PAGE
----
Christadelphian beliefs impact on their view of the Apostle’s Creed, though that Creed is not something mentioned much (if at all) in their literature.
Their literature does make it clear how antagonistic they are towards all the fundamental doctrines of what they call ‘Christendom’, so that we can conclude they would never subscribe to that Creed. To substantiate this, let me quote from ‘Who Are The Christadelphians?’ pp 3, 6, 8.
“Convinced that this is the only Scriptural constitution of the ‘one
body’, of which Jesus Christ is alone the head, and Who has no
personal representative on earth, we repudiate the popular churches,
and all their adjuncts, as no part thereof, and affirm that there is
no salvation within the pale of any of them. For we hold that the
religious opinions and sacramentalism of all orders and classes of men
in ‘Christendom’ so-called are nothing more than that ‘strong
delusion’ sent of God upon all mankind that they should believe a lie,
that they might all be condemned. We object to the fundamental
doctrines of Christendom; the religion of the churches and chapels is
a negation of Bible teaching on almost all points. We hold it to be
‘the abomination of the earth’ with all dissenting names and
denominations, aggregately styled ‘names of blasphemy’, of which the
European body politic, symbolised by the eight-headed,
scarlet-coloured beast is said to be ‘full’.”
On that basis, they could not possibly assent to the Apostles’ Creed, for that would align them with an ancient tradition which they despise and which they claim is cursed of God. Yet, technically, they could agree with it, if their interpretation of the doctrines involved was understood as the meaning. For example, the Creed expresses belief in “the resurrection of the flesh”. Christadelphians do believe that when Christ returns, they and the Jews will be resurrected with physical bodies on to the earth (but not to heaven). That, however, falls far short of orthodox Christian teaching about all the dead being resurrected.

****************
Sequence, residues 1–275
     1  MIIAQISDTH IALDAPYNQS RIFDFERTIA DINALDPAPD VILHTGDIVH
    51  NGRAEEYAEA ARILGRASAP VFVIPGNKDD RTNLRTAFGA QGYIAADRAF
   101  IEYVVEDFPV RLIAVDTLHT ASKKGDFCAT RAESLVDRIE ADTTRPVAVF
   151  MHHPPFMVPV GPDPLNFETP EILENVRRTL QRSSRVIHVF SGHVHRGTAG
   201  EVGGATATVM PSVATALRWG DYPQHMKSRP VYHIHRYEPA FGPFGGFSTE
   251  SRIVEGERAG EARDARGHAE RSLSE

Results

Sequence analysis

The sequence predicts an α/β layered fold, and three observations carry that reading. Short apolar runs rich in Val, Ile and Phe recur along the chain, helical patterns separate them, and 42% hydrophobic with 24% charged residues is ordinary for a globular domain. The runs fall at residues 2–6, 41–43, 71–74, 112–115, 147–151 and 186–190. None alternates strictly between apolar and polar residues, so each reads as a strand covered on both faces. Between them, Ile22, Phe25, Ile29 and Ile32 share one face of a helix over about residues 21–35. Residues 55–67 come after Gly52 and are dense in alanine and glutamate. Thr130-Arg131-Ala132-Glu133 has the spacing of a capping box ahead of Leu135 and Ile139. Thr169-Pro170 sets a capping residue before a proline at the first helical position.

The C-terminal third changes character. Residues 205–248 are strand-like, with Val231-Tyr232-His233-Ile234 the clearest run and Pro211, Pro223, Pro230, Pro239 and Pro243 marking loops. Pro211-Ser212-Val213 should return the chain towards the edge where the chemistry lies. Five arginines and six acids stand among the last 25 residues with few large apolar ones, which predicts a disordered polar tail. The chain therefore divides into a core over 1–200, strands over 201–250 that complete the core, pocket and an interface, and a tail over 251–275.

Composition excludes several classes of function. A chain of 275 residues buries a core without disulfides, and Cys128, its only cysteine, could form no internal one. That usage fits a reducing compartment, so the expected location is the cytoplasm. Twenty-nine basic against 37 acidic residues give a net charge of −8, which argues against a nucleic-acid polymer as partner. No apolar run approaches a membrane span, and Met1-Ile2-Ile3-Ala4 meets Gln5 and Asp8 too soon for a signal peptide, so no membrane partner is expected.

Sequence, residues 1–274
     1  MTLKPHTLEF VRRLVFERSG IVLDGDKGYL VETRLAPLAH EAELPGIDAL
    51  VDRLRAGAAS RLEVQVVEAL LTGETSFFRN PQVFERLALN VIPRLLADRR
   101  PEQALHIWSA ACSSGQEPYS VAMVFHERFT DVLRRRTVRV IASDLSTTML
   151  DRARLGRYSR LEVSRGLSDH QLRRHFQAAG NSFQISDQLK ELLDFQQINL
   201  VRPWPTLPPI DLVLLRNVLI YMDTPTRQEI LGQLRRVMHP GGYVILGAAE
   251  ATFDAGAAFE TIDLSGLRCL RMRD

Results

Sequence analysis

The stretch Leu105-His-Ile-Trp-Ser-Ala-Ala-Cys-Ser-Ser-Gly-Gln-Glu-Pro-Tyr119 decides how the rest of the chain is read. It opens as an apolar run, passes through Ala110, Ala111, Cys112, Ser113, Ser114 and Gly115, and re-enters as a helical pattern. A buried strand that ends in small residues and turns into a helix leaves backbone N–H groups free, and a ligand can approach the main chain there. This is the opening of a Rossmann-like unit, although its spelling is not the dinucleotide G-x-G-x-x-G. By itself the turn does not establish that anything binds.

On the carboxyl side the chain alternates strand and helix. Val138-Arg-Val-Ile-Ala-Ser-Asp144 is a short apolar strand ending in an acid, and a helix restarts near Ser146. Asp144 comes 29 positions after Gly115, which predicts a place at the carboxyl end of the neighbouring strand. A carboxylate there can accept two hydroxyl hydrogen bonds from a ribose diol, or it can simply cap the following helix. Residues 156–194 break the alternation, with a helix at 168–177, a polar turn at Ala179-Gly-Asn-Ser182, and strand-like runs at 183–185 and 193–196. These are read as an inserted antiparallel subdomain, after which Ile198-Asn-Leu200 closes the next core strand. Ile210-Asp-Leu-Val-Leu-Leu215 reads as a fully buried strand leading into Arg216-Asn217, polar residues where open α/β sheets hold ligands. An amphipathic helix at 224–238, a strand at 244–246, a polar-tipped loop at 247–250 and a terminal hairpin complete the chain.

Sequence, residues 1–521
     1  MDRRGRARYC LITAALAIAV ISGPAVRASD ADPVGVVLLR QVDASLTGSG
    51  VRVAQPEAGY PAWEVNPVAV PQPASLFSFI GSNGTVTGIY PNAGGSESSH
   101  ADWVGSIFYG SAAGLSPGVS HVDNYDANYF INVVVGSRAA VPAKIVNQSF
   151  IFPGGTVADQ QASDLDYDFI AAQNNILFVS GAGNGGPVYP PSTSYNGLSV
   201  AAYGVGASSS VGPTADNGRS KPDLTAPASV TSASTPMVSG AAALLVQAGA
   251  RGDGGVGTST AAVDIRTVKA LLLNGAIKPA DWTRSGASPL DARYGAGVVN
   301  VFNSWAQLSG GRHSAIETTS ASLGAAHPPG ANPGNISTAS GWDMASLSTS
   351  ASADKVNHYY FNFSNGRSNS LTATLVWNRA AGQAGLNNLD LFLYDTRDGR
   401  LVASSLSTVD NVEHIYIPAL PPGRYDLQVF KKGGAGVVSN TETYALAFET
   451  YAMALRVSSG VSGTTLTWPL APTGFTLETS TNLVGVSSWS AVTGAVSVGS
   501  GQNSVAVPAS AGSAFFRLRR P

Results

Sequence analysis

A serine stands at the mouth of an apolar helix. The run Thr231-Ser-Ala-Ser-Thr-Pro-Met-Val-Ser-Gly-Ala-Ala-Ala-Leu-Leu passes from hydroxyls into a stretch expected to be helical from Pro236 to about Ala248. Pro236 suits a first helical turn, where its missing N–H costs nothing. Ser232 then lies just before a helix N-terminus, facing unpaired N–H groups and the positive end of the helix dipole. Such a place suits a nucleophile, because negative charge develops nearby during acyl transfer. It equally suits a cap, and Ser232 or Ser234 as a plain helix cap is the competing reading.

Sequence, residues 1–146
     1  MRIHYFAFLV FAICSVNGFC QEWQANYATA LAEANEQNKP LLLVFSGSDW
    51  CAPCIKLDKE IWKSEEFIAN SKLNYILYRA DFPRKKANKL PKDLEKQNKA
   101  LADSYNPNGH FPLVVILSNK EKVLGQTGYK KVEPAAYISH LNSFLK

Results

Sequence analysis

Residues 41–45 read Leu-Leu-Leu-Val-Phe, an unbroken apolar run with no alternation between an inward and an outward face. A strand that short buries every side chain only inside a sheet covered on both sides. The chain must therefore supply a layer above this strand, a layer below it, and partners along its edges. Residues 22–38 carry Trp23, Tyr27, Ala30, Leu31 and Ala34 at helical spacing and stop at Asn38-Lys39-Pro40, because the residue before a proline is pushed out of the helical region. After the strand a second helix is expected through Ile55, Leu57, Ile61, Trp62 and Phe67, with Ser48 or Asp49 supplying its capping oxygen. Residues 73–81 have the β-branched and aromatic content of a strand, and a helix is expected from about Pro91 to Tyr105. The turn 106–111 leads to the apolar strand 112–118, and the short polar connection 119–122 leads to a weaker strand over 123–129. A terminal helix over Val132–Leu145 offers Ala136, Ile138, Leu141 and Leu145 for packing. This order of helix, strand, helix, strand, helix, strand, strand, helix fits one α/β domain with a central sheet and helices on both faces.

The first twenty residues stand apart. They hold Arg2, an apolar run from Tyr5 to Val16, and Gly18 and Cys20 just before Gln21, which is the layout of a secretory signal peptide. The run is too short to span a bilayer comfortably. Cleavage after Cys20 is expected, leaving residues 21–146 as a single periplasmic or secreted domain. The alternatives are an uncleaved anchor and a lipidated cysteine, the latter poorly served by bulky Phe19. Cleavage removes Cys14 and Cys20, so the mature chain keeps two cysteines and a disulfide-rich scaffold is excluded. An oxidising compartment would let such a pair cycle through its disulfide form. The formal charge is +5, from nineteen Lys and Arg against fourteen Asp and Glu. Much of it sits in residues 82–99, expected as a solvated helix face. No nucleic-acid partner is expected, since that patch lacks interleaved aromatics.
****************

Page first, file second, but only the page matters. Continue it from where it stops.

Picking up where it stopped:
You mentioned their repudiation of the Trinity doctrine, and here is what Roberts said about it in ‘Christianity Astray’ p 108
“A contradiction, a stultification, an impossibility.” “There were not
two or three eternal persons before ‘the man Christ Jesus’, but ONE –
God the Father, whose relation to the Son was afterwards exemplified
in the event related by Luke (i. 35)… Jesus Christ, the Son of God, is
not ‘the second person’ of an eternal Trinity of Gods [sic], but the
manifestation of the ONE ETERNAL CREATOR.”
Regarding Jesus Christ, Walker writes in ‘Truth About The Trinity’ p 13,
“The Father was manifest in the flesh, not a pre-existent co-eternal
Son, which is impossible.”
And in ‘Constitution of the Christadelphian Ecclesia’ p 13 we read,
“That ‘Christ’s nature was immaculate’ is among the doctrines to be
This means that although they could agree with the Creed on many points, their rejection of Christ’s pre-mortal existence, denial that he had a sinless nature when on earth etc. means that their idea of who Christ is differs vastly from the Christ of the Creed even though the Creed does not spell such details out.
The Apostles’ Creed is, on the surface, a very simple declaration of basic Christian faith, yet there are so many denominations (like the Christadelphians) who will not be aligned with it, the question, ‘Why not?’ can only be answered with, ‘Because the early Church circa A.D. 400 came up with it, and such new groups so differ from mainstream Church doctrine, they cannot be identified with that which they claim was already corrupted by then.”